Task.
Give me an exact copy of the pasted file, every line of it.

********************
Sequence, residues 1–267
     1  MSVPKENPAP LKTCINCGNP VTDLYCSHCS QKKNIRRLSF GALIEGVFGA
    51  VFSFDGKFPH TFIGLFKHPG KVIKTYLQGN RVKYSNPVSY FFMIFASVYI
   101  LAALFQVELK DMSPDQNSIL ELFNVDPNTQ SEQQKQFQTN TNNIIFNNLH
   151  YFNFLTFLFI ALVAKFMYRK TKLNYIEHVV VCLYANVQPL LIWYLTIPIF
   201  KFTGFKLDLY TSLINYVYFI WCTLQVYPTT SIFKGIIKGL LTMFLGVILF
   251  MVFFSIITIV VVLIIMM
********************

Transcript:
Sequence, residues 1–267
     1  MSVPKENPAP LKTCINCGNP VTDLYCSHCS QKKNIRRLSF GALIEGVFGA
    51  VFSFDGKFPH TFIGLFKHPG KVIKTYLQGN RVKYSNPVSY FFMIFASVYI
   101  LAALFQVELK DMSPDQNSIL ELFNVDPNTQ SEQQKQFQTN TNNIIFNNLH
   151  YFNFLTFLFI ALVAKFMYRK TKLNYIEHVV VCLYANVQPL LIWYLTIPIF
   201  KFTGFKLDLY TSLINYVYFI WCTLQVYPTT SIFKGIIKGL LTMFLGVILF
   251  MVFFSIITIV VVLIIMM